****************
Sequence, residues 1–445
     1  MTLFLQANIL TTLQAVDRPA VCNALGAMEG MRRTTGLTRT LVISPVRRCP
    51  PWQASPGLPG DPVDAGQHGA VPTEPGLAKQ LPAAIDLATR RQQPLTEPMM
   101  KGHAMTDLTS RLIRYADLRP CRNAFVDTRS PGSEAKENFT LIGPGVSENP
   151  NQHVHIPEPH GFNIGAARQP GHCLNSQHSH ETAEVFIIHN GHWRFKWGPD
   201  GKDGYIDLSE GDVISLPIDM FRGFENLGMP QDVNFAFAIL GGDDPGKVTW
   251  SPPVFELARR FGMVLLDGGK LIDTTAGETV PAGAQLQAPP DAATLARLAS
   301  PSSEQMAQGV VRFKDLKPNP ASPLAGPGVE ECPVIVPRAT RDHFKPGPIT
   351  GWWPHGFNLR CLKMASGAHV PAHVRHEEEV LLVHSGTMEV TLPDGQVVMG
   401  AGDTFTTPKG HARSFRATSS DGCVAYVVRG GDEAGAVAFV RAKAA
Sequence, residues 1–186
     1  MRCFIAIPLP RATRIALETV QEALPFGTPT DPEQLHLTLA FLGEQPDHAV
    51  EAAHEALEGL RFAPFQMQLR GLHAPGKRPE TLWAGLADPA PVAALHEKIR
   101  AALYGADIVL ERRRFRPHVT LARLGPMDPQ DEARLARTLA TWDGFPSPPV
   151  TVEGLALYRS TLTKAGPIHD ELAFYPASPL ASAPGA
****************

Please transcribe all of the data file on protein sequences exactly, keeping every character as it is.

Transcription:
Sequence, residues 1–445
     1  MTLFLQANIL TTLQAVDRPA VCNALGAMEG MRRTTGLTRT LVISPVRRCP
    51  PWQASPGLPG DPVDAGQHGA VPTEPGLAKQ LPAAIDLATR RQQPLTEPMM
   101  KGHAMTDLTS RLIRYADLRP CRNAFVDTRS PGSEAKENFT LIGPGVSENP
   151  NQHVHIPEPH GFNIGAARQP GHCLNSQHSH ETAEVFIIHN GHWRFKWGPD
   201  GKDGYIDLSE GDVISLPIDM FRGFENLGMP QDVNFAFAIL GGDDPGKVTW
   251  SPPVFELARR FGMVLLDGGK LIDTTAGETV PAGAQLQAPP DAATLARLAS
   301  PSSEQMAQGV VRFKDLKPNP ASPLAGPGVE ECPVIVPRAT RDHFKPGPIT
   351  GWWPHGFNLR CLKMASGAHV PAHVRHEEEV LLVHSGTMEV TLPDGQVVMG
   401  AGDTFTTPKG HARSFRATSS DGCVAYVVRG GDEAGAVAFV RAKAA
Sequence, residues 1–186
     1  MRCFIAIPLP RATRIALETV QEALPFGTPT DPEQLHLTLA FLGEQPDHAV
    51  EAAHEALEGL RFAPFQMQLR GLHAPGKRPE TLWAGLADPA PVAALHEKIR
   101  AALYGADIVL ERRRFRPHVT LARLGPMDPQ DEARLARTLA TWDGFPSPPV
   151  TVEGLALYRS TLTKAGPIHD ELAFYPASPL ASAPGA